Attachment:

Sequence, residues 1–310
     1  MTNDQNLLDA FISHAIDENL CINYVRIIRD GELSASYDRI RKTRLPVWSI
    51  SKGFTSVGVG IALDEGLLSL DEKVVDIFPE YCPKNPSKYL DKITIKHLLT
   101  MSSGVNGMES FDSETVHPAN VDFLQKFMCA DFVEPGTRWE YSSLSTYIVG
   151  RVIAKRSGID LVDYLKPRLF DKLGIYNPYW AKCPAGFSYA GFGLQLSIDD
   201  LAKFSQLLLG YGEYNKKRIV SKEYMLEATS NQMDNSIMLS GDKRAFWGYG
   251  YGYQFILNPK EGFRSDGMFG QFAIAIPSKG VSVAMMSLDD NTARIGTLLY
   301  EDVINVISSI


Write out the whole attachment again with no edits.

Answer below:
Sequence, residues 1–310
     1  MTNDQNLLDA FISHAIDENL CINYVRIIRD GELSASYDRI RKTRLPVWSI
    51  SKGFTSVGVG IALDEGLLSL DEKVVDIFPE YCPKNPSKYL DKITIKHLLT
   101  MSSGVNGMES FDSETVHPAN VDFLQKFMCA DFVEPGTRWE YSSLSTYIVG
   151  RVIAKRSGID LVDYLKPRLF DKLGIYNPYW AKCPAGFSYA GFGLQLSIDD
   201  LAKFSQLLLG YGEYNKKRIV SKEYMLEATS NQMDNSIMLS GDKRAFWGYG
   251  YGYQFILNPK EGFRSDGMFG QFAIAIPSKG VSVAMMSLDD NTARIGTLLY
   301  EDVINVISSI